Judge considers King Tut curse in disability claim

SAN FRANCISCO -- A police officer who claims the ancient curse of Egyptian King Tut was partly to blame for his stroke two years ago will learn within 60 days whether a Superior Court judge believes it.

Judge Richard P. Figone agreed Tuesday to consider and decide within 60 days arguments in police Lt. George LaBrash's appeal of a retirement board decision against his claim for $18,400 in disability benefits.


LaBrash suffered a stroke in 1979 while guarding the precious golden funeral mask of King Tutankhamun, which was in San Francisco during the nationwide tour of Egyptian treasures two years ago.

His lawsuit claimed that the spirit of Tutankhamun, the Egyptian boy king who lived 3,300 years ago, hexed him.

The city Retirement Board denied his original claim that the stress of guarding the most precious piece exhibited, the gold burial mask, caused the stroke. In his original claim, LaBrash did not mention the curse.

According to legend, the curse of King Tut afflicts those who disturb the dead.

'Egyptians believed in a curse, pronounced by Osiris, god of the dead, on all who should disturb the dead,' said Michael Hebel, LaBrash's attorney and a fellow police officer.


'LaBrash suffered a stroke after having positioned himself, as his employment required, directly in front of the golden mask ... which for 3,300 years covered the head and shoulders of the mummified remains of the god-king Tutankhamun.'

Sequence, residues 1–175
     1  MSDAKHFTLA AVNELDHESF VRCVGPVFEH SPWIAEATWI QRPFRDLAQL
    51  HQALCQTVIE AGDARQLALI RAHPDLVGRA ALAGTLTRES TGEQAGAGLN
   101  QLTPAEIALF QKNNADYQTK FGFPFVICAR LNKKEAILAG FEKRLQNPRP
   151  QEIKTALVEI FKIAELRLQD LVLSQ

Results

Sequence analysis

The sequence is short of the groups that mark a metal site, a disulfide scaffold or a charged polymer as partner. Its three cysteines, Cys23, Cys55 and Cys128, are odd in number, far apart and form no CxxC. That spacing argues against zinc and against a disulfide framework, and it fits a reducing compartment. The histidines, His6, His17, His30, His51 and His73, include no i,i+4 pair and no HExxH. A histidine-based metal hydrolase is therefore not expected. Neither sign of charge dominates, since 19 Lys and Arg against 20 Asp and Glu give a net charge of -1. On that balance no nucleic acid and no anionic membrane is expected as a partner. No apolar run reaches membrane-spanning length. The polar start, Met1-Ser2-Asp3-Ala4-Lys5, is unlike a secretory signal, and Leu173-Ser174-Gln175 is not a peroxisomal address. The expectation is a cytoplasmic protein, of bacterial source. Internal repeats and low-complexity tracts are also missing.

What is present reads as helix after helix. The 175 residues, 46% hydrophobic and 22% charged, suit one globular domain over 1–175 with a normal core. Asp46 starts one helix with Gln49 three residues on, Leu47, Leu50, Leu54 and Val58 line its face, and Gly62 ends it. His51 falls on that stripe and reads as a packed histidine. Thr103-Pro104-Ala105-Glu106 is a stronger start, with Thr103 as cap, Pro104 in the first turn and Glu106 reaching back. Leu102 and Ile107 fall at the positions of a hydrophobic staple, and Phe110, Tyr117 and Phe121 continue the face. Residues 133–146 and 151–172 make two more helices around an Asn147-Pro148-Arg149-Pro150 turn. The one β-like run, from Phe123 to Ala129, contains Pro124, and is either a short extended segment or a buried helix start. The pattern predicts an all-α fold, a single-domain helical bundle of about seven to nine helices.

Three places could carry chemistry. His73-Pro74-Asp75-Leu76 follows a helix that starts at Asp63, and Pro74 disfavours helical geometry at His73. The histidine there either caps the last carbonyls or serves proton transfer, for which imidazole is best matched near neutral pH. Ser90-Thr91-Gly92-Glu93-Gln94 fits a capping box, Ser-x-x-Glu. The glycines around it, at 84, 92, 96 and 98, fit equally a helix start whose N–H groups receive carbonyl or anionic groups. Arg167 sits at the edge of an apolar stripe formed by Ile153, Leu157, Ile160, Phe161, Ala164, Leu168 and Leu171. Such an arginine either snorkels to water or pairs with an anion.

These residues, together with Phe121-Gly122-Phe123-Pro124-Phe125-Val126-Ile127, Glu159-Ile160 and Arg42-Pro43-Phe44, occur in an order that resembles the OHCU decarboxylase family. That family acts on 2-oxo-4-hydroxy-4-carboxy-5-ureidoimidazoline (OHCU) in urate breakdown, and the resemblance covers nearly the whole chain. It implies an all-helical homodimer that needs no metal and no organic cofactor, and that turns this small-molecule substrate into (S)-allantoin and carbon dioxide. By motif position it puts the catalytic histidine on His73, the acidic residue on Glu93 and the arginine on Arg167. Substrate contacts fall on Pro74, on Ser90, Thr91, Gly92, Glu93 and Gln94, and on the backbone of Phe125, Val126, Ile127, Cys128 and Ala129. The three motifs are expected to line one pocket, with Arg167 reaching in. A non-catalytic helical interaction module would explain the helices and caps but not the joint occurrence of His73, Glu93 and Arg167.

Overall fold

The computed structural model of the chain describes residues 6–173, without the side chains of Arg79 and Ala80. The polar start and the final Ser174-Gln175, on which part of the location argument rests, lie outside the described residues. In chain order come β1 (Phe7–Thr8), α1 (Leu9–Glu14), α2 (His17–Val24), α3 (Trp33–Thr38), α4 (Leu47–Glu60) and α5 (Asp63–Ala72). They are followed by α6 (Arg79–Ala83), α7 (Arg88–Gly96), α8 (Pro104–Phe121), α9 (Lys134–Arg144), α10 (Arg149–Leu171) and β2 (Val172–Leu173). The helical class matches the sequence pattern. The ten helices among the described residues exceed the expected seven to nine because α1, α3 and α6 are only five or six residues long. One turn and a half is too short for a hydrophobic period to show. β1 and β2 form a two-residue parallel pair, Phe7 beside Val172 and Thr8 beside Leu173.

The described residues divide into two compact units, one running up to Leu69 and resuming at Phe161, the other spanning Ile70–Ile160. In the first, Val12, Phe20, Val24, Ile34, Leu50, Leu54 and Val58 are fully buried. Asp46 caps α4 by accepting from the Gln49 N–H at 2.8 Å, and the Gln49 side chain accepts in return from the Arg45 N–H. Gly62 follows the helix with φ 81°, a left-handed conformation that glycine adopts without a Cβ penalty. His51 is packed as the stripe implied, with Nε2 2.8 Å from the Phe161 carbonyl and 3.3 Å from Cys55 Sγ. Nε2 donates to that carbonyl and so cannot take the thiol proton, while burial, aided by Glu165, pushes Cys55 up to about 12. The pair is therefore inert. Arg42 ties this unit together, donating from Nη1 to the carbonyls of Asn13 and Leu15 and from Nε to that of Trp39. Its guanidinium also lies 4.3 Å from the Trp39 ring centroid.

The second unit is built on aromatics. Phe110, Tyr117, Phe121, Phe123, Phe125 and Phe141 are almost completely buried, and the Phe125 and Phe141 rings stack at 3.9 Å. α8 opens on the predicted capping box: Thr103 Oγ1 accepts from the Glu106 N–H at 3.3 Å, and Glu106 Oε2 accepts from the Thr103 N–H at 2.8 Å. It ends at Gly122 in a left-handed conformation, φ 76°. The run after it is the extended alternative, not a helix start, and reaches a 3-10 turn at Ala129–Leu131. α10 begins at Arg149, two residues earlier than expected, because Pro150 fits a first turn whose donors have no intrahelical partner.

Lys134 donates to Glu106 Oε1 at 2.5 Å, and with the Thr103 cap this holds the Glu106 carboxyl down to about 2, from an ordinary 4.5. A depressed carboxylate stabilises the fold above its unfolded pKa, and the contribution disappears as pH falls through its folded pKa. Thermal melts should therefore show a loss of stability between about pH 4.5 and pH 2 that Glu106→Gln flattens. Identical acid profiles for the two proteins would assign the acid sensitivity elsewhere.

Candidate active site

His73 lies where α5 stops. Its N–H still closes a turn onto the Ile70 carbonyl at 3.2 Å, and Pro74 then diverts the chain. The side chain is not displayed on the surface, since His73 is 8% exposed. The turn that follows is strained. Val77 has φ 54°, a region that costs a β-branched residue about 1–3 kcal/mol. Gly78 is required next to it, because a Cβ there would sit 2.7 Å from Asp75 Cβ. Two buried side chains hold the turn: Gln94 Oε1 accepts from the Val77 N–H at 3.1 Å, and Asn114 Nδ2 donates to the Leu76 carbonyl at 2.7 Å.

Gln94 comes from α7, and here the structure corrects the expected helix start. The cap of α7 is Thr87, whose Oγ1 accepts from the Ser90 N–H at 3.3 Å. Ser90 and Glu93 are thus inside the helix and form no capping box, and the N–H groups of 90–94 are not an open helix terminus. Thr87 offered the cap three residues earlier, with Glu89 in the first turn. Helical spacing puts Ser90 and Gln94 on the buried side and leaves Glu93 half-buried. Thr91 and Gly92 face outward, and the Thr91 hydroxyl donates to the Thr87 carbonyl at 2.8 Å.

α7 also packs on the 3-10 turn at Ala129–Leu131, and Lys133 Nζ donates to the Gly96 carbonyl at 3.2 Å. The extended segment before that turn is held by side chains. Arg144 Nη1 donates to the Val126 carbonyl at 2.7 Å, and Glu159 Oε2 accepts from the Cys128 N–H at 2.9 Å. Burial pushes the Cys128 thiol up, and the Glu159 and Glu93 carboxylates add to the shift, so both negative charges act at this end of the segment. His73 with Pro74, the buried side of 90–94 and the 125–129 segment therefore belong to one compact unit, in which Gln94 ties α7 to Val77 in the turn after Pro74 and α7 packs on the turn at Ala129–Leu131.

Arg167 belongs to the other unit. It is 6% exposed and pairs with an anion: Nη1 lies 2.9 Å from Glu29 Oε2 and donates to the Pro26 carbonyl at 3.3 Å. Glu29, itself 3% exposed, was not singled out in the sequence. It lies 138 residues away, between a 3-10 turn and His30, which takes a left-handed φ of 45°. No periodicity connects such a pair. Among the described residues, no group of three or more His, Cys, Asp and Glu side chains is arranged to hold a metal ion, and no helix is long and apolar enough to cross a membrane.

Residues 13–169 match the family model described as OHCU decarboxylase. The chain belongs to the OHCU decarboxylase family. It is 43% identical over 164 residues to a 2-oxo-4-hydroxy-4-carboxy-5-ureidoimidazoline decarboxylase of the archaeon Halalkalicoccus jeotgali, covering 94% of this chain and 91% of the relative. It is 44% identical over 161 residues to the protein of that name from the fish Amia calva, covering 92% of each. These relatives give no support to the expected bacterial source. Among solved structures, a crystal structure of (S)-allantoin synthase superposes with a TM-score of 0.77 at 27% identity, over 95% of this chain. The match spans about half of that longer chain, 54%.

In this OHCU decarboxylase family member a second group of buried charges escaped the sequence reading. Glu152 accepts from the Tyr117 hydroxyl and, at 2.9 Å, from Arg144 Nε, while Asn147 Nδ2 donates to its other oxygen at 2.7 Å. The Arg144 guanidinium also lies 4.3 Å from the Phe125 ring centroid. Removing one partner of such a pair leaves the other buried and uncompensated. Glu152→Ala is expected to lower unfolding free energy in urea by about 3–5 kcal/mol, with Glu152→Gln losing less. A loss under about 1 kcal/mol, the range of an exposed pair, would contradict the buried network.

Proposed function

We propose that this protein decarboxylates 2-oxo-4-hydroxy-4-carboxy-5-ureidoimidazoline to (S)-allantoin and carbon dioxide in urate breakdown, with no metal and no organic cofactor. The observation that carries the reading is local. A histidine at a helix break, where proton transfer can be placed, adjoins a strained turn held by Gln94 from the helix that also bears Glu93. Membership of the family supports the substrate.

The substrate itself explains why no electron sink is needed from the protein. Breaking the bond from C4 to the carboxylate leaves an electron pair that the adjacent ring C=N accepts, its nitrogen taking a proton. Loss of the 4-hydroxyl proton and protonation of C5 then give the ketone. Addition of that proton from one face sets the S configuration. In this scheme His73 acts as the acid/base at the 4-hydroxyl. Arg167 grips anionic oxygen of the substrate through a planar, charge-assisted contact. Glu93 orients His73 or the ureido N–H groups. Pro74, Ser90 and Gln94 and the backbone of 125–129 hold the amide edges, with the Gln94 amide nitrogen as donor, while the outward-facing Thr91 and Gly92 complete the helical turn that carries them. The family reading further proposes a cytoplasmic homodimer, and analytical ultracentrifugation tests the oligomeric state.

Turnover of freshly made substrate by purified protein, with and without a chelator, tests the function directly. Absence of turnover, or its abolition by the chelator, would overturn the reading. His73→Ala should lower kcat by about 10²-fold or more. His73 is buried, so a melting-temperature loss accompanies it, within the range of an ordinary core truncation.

Hebel's brief reviewed curse theories formulated from the deaths of a dozen people who have discovered or displayed the tomb's riches since 1923. On the basis of those theories, he maintained that LaBrash deserved $18,400 in compensation for the eight months it took him to recuperate.

LaBrash has already received $6,500 in state Workers Compensation for part of the time he was ill -- from September 1979 to January 1980.

Deputy City Attorney Dan McGuire called the argument was 'far-fetched.'

'It would be a tragedy for taxpayers to pay $20,000 for an argument that sounds like it came out of 'Ripley's Believe it or Not,'' said McGuire.

The current suit contends the Retirement Booard abused its discretion in denying LaBrash full benefits. He received accrued sick leave and vacation pay for part of his illness, and then went without pay for several months.

La Brash wants the board to rehear the case

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